Learnings from LGA Conference

The Local Government Association Conference (LGA) in Birmingham last week was, as always, an opportunity to learn and to understand what is going on across the country in our sector.  There was no stated theme this year, but finances and lobbying dominated every presentation and conversation.  It was clear that central government understand the situation in which we find ourselves, and more importantly, they understand what has to be done to square the books.  I had the chance to sit next to Melanie Dawes, the Permanent Secretary of the Ministry of Housing, Communities and Local Government (MHCLG) and had a fascinating insight into what is occupying their time in London.  What struck me more than anything else was the lack of freedom of action that our central government has at the moment, and that although they completely understand that we are under severe pressure, they simply haven’t got any easy or ready solutions.  We’re going to have to solve this pretty much for ourselves.

I attended a closed door session on the problems in Northamptonshire.  Out of respect for the honesty and openness of the speakers, I won’t divulge any of the details that they mentioned, but the central theme was that Northamptonshire County Council did not have an open and honest culture in which officers and politicians challenged themselves on the deliverability of their plans.  In essence, they had a very optimistic view of the world in which any challenge or criticism was put down as being not sufficiently visionary.  The line that stuck out from the report for me was, “In local government, nothing beats doing boring really well”.  I have to say that is so true on many areas, including from my experience, in military operations.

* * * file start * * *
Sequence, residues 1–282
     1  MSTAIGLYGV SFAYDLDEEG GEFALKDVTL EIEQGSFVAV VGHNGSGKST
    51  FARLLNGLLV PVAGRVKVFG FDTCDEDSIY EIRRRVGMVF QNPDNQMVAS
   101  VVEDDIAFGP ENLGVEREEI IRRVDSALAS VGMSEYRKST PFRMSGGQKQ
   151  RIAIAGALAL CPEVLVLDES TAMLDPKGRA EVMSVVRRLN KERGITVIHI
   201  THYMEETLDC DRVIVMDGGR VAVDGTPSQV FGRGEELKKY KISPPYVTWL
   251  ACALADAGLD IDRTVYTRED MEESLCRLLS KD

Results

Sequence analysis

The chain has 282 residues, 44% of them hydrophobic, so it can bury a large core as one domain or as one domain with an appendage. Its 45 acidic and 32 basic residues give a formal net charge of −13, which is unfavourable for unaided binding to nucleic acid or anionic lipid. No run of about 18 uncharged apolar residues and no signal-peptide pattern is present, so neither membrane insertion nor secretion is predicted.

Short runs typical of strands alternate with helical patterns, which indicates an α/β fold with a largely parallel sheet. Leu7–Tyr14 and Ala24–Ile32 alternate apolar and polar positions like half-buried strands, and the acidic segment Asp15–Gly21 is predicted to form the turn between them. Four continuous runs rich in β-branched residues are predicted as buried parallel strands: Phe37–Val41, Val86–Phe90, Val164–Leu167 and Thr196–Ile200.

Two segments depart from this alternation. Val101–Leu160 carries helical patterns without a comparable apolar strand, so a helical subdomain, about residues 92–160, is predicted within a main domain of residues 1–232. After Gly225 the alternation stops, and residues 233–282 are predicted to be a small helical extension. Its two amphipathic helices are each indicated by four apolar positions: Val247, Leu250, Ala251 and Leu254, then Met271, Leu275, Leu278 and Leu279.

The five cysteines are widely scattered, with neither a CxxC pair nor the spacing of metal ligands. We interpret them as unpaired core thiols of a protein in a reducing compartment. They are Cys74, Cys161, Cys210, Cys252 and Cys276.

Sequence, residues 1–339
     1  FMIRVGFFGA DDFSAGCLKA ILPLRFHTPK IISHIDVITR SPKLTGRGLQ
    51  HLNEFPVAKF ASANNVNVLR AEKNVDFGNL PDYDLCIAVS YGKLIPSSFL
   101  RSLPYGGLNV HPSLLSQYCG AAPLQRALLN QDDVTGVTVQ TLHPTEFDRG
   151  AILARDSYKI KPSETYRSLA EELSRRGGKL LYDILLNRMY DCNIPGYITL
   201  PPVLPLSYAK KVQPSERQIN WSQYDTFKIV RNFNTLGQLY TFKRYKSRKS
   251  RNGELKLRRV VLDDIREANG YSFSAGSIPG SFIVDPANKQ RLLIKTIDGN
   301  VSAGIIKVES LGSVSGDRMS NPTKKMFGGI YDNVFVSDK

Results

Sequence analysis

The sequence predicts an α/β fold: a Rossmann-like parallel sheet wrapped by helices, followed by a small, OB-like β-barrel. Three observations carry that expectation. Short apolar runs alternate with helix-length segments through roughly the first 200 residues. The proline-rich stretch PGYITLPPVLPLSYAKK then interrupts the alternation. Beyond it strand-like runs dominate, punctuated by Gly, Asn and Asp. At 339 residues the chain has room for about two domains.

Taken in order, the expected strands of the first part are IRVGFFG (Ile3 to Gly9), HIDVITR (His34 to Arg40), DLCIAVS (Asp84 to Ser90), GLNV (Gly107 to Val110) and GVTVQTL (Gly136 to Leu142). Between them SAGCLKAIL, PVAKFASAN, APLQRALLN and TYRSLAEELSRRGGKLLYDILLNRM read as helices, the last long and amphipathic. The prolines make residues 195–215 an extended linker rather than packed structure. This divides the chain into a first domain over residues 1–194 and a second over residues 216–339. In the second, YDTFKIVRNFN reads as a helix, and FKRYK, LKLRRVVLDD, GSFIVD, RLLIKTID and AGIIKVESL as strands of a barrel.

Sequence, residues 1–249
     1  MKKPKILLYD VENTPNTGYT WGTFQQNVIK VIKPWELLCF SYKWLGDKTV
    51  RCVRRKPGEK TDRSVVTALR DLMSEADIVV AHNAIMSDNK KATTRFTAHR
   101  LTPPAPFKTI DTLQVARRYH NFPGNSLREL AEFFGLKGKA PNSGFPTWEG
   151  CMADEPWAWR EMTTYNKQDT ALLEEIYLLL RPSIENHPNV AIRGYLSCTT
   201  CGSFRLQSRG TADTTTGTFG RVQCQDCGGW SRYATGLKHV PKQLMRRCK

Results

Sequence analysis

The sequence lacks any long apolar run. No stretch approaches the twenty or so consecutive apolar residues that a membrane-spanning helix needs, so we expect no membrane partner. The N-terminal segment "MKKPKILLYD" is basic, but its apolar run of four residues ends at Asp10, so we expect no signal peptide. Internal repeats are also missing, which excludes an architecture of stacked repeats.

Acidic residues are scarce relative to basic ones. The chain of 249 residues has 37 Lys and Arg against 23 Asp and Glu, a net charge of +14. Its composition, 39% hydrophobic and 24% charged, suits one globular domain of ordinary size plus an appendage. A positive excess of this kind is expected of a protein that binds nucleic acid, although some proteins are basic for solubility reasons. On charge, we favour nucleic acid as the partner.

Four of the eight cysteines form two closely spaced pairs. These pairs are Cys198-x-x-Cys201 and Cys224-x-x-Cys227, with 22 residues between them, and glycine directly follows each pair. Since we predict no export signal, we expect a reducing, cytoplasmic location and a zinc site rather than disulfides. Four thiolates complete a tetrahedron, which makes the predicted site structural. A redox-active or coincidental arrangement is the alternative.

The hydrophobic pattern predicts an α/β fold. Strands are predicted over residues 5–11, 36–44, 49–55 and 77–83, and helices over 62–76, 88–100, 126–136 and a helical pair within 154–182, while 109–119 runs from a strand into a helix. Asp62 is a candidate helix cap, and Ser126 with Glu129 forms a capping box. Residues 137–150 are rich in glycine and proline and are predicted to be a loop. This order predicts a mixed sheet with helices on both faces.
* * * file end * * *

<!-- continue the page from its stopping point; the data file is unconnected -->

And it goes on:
Back in Staffordshire, we are making good progress on the MTFS and there will be reports at Cabinet on Wednesday on how we are closing the financial gap next year.  There remains much to do, and our Members of Parliament are very much in support of our lobbying efforts.  That is hugely important, as we attempt to get a business rates retention pilot, and support for children’s and adults’ social care.  We have a number of planning sessions over the coming weeks, in which many of you will participate, and I would ask you to continue to give this the outstanding and selfless efforts that have characterised the process so far.

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